Brand Style Guides and Why Every Company Should Have One


A few months ago, I discussed a logo is not a five pound bag for your organization’s ten pounds of “^@%#”. We established that it is only a supporting element of your company’s overall brand identity. So where do those ten pounds actually go? They belong in a well-planned brand style guide.

What is a brand style guide?

A brand style guide is the road map and rule book for your brand. It contains how everything that represents your company should look, feel, and sound. It is the reference tool for any person working on anything that contains your brand, whether that be marketing, sales or customer service.

Why do you need a brand style guide?

Apple and Nike didn’t get to be brand giants by mistake. They delivered a consistent image and message with everything they created. Consistency is one of the key elements that makes a brand strong. It creates dependability and safety in the minds of the customer. A brand style guide, when followed properly, ensures the consistent treatment of an organization’s brand.

Are you ready for a brand style guide?

If your organization is already established, you probably have your vision, mission, values, brand promise and target audience defined. These are essential to clarify because everything in the brand guide will support them in some capacity. Every successful company starts here as these define what you do, why you do it, and where you want to be.

What goes into a brand style guide?

There are seven sections to a style guide. All are instrumental in communicating aspects of your brand in some way.


This contains the mission, vision, brand promise, audience, and voice of your organization. Verbal identity sets the stage of who you are and is the heart of all of the other sections of the style guide.


Your organization’s logo should be treated with care and consistency. This section outlines size requirements, proportions and proper colors across platforms. Every version of the logo is listed here, including color, color reversed, grayscale, black and white and one-color options. Some logos also include versions of horizontal, stacked, and options with a tagline. Equally as important, a section of how NOT to use the logo is included.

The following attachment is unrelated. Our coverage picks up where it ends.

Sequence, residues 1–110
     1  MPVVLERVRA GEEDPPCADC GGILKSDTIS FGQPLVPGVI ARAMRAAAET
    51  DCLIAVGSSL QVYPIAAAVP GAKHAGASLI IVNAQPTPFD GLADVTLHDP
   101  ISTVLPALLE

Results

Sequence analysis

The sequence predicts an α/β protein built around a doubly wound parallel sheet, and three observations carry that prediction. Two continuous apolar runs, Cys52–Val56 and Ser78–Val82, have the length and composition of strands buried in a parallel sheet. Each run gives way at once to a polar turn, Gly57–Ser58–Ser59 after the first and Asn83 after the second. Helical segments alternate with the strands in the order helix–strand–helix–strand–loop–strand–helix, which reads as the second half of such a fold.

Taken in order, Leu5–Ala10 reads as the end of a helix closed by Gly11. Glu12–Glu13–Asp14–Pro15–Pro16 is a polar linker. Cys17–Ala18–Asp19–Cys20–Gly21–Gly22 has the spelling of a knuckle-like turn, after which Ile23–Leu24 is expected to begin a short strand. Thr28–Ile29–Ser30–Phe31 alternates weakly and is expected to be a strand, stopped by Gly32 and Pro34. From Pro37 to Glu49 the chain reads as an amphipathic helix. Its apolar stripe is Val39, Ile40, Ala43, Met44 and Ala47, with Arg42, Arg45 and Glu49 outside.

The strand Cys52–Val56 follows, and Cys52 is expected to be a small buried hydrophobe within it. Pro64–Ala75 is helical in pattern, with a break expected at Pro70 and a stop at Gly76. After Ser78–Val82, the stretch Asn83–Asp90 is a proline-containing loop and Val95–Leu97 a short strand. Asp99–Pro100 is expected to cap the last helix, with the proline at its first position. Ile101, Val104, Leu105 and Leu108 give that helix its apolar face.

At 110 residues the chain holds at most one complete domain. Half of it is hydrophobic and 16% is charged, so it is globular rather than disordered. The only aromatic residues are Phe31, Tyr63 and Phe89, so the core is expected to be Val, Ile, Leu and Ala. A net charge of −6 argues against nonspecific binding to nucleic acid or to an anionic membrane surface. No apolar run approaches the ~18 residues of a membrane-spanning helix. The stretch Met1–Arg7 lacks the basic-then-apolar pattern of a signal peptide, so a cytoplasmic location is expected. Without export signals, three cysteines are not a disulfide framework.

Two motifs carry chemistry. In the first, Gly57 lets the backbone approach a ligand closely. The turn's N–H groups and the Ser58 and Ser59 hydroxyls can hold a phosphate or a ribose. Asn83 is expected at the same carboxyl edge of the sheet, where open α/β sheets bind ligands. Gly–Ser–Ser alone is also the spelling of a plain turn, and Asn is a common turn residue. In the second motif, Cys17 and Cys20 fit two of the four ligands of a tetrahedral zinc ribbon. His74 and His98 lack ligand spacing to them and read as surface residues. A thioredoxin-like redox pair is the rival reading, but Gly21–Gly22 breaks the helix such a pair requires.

A set color palette includes the colors used in an organization’s logo, but also allows for a few others to be used as well. The colors have a cohesive look and visually communicate the verbal identity. In most cases, the color palette contains both light, medium and dark colors to give flexibility to the design. The Pantone® name, HEX code, CMYK and RGB breakdowns of each color establishes consistency across print and digital conversions.


Fonts are just as important in communicating your brand. The shape and weight of a font are the “visual voice” of your organization. This section defines which fonts can be used and how they are used. It is usually limited to about three font families. Headline, sub-headline, body copy, and captions are designated a certain font, again to keep design consistent. Alignment and spacing are also specified here.


Design elements are presented in this section and can include lines, shapes, use of white-space, texture, layout proportion, or anything that is used other than the designated colors and fonts. Every element communicates and/or supports the verbal identity. Requirements and restrictions of each element are listed to keep consistency to each design.


Many organizations use photography or illustrations to support their brand. This section shows examples of the types that can be used. Whether it is a muted, high-contrast photography style, or bright and playful illustrations, the style should point back to the verbal identity and communicate the feel of the brand.


This is where all the elements come together. Samples of various pieces are shown here to provide a visual example of how all of the elements work together while staying in the provided guidelines. Examples include print and digital pieces to show how the elements work across platforms.

Organizations can have one to 100 people working on some aspect of a brand. A brand style guide is the key to build and maintain and safeguard a strong brand. Brands also need to change over time to stay current. Having a style guide is an easy reference tool to update periodically to refresh your brand.

Are you ready for a brand style guide?

Ready to join the evolution?

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